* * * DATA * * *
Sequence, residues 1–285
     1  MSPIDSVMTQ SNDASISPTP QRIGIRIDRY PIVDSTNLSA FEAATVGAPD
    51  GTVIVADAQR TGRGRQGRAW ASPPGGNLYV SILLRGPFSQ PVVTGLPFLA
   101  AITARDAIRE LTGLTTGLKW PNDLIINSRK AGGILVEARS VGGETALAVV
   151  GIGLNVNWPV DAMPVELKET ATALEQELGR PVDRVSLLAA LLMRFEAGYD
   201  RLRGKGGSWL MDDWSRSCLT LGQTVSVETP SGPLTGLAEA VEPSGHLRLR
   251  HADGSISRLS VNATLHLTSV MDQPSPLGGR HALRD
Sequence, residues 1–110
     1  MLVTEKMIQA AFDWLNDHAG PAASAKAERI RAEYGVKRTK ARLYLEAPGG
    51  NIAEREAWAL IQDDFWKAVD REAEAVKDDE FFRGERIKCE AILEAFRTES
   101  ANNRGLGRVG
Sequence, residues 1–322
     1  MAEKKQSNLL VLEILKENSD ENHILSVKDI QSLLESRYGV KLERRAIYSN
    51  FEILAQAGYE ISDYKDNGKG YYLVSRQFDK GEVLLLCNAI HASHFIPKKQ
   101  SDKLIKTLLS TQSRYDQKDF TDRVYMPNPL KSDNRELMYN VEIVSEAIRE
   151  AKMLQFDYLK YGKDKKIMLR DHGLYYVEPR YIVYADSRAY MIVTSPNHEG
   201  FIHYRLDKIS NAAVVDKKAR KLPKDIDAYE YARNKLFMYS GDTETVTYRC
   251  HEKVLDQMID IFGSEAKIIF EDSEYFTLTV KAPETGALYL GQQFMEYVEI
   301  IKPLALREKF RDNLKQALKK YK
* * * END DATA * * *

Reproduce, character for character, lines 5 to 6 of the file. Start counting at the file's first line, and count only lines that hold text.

   151  GIGLNVNWPV DAMPVELKET ATALEQELGR PVDRVSLLAA LLMRFEAGYD
   201  RLRGKGGSWL MDDWSRSCLT LGQTVSVETP SGPLTGLAEA VEPSGHLRLR